[00:03:51] It's frustrating when those users just do not know what to do with the software even the simplest of tasks like printing something or sending an email might seem really difficult. Other people and it can be frustrating when you're looking at the same screen that they're looking at and it's right there right you know click that button that prints the prints the document out or whatever it is that you're trying to work through with an end user. But they just can't seem to find it and it just excruciatingly slow watching them navigate an application. But what I realized what this book helped me realize is I wasn't aware of a bias that I had when I was putting that offer in front of other people and the biases that we all assume this we all assume that people see the world the same way that we see the world and this is one of a myriad of biases that we bring in to just about every situation. And so, when I'm looking at a screen and somebody else is looking at a screen and a piece of software is up what seems intuitive and easy to me is not intuitive and easy to other people. And once I understood that then it was no longer frustrating to watch somebody else navigate this offer. But it was actually I could flip it around on its head and I could use that to my advantage if I have somebody looking at soccer for the first time. Time the things that are not intuitive to them are the things that maybe need to be redesigned. So, it's an opportunity then instead of a frustration.
[00:05:08] And this book was just chock full of these examples and what I eventually realized was that I had a strong interest in learning a lot about psychology and so I got into a lot of psychology books and that's where I got to today and that's why emotions dominate a lot of how I think about things and are what I put into my everyday work and that's where that's how I ultimately came to the topic of emotional blind spots. So, a blind spot for example emotionally is that I assume that people see the same screen that I see that if something's easy for me it should be easy for them. Maybe a better example of a blind spot though another way to think about this. We have a lot of perceptive blind spots. The blue gold dress dilemma which way which way was it for you was it blue or was it gold for you. I don't know what dress you're talking about. Oh, you didn't see it. I thought I picked an example that would relate to people. There is this there is this picture of a dress that floated around the Internet and some people would look at it and they'd see it as blue and black and other people would look at it and I think it was like white and gold and it had to do with lighting in the picture and how the brain interprets based on the lighting what the colors are and what you don't realize a lot of times. We all think we see the same world that we see. So, this is actually a perceptive blind spot similar to this offer when I was talking about but the reality is some people saw blue black.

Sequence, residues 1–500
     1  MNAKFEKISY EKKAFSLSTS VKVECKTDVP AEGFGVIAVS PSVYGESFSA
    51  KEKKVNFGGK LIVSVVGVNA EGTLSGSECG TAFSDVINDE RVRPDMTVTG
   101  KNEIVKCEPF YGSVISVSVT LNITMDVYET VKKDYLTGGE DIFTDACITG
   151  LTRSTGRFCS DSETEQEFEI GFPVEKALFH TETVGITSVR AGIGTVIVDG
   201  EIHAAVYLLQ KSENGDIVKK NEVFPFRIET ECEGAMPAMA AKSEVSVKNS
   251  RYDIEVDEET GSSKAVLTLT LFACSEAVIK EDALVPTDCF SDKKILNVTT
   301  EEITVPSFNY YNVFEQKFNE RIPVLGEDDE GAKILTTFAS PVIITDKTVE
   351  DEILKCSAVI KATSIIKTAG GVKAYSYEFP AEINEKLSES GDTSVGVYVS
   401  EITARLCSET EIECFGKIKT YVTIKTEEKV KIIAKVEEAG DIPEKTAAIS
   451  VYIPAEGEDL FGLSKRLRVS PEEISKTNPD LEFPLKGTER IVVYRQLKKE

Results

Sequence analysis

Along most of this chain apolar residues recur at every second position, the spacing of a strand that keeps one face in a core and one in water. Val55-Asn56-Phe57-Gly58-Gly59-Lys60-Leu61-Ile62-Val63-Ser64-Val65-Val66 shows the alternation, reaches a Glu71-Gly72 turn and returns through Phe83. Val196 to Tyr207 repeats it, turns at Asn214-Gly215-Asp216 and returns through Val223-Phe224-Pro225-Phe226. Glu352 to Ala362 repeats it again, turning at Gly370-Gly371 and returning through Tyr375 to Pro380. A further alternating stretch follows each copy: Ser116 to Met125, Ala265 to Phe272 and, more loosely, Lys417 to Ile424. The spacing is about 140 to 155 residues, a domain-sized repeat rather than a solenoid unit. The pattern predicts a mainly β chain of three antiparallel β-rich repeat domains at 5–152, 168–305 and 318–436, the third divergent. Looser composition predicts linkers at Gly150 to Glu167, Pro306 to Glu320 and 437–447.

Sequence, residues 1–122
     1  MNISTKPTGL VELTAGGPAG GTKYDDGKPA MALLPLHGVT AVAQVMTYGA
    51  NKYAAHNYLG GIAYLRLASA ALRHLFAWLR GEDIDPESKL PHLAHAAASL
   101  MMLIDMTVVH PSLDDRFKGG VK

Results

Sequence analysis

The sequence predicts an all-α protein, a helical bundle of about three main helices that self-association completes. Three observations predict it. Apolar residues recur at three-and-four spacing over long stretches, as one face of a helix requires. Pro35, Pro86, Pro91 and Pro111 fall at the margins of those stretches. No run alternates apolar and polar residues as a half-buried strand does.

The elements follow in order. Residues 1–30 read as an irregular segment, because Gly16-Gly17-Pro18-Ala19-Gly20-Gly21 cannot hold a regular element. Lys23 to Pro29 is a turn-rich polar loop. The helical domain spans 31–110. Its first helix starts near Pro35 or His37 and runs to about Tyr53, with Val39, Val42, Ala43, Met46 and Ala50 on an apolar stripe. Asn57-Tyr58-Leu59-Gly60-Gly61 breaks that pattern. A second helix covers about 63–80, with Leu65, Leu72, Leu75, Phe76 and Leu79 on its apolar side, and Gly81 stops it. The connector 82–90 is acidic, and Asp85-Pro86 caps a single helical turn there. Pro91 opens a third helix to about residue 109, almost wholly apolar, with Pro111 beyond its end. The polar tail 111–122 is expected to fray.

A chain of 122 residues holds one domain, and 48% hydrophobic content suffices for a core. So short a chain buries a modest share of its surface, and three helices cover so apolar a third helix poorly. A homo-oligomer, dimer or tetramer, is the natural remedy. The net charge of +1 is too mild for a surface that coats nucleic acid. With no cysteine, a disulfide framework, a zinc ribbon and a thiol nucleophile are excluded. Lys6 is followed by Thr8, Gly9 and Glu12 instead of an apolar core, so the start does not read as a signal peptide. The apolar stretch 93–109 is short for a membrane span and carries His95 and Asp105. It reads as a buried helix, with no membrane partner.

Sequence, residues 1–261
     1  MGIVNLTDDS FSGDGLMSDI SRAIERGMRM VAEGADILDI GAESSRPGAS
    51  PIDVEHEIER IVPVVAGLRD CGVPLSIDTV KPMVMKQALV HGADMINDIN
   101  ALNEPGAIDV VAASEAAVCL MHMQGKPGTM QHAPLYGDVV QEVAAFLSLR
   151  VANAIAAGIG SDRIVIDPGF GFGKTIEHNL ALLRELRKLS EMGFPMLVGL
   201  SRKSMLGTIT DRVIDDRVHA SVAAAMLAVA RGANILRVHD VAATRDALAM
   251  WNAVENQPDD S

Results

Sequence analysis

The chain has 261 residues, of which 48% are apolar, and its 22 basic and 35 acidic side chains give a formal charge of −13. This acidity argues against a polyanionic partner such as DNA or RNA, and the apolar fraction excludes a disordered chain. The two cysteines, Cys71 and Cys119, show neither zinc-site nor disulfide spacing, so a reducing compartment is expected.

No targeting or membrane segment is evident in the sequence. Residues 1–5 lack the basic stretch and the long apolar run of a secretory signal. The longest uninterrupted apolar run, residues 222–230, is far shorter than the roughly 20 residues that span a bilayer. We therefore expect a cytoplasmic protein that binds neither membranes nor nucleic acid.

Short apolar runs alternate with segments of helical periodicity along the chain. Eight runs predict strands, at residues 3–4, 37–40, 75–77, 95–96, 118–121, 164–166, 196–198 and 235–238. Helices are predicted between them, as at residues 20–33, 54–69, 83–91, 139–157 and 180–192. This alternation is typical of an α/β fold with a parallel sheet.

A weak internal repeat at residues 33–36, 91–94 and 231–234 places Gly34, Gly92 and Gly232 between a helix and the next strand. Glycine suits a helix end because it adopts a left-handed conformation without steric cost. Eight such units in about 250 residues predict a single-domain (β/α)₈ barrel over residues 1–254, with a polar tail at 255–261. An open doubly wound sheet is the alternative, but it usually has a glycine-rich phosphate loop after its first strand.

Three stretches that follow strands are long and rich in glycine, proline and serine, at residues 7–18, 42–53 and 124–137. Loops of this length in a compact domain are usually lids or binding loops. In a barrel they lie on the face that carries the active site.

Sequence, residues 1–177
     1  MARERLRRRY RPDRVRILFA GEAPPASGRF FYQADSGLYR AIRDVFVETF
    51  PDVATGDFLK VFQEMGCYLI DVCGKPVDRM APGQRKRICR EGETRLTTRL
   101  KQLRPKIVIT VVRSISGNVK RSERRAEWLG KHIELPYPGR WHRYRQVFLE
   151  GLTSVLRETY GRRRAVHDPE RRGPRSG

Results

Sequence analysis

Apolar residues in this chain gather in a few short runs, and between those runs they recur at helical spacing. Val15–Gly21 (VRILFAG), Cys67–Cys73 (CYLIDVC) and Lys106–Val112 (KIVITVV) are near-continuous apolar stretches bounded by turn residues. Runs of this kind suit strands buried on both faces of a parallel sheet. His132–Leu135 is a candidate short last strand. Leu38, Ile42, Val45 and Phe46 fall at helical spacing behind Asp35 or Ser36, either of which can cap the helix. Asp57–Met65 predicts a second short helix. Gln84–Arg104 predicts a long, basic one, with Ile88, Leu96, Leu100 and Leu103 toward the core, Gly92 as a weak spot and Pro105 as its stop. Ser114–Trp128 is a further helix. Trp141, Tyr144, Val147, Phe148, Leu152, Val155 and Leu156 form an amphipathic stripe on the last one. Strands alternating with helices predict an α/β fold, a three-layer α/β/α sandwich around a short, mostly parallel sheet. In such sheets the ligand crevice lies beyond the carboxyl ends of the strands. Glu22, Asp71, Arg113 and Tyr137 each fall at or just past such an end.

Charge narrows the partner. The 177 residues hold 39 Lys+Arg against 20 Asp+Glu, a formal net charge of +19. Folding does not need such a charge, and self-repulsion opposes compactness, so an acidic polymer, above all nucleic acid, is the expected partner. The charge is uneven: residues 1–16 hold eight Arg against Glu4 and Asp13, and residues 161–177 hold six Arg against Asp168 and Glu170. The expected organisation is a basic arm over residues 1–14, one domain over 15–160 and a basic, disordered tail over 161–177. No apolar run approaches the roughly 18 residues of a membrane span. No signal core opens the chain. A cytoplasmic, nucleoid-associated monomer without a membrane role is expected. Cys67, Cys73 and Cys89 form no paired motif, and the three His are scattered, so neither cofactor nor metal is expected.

[00:06:24] I think the majority of people did it but there was a contingent of people sizable that saw it completely different and it broke the Internet. I think for a day a couple of years ago. So, there are countless examples of these ways in which we're looking at something that's physically right in front of us and what's there is not what we see. That's one example another great example if you've ever if you just google for blind spot and maybe put the word line in you'll come up with some images that have a line that has a little gap in it. And you can follow the instructions on one of these that you find and what you'll realize is if you close one eye and look at look at it with the opposing eye not followed instructions it's a bit convoluted. What you'll find is that your brain will fill in the gap and complete the line depending on how you look at the line. So, our brain is filling in the gap a lot of times to fill in for these perceptive blind spots but it's not just perceptive it's emotional as well like I was talking about. We come into so many situations with beliefs that guide our behavior that shape the world that we see and that's how we come to this topic of emotional blind spots what is working on the way we see the world psychologically. They're not just perception but psychologically that influences how we act. And that was really interesting to me because I like I said I wanted to learn a lot about the people side of things and business is very important.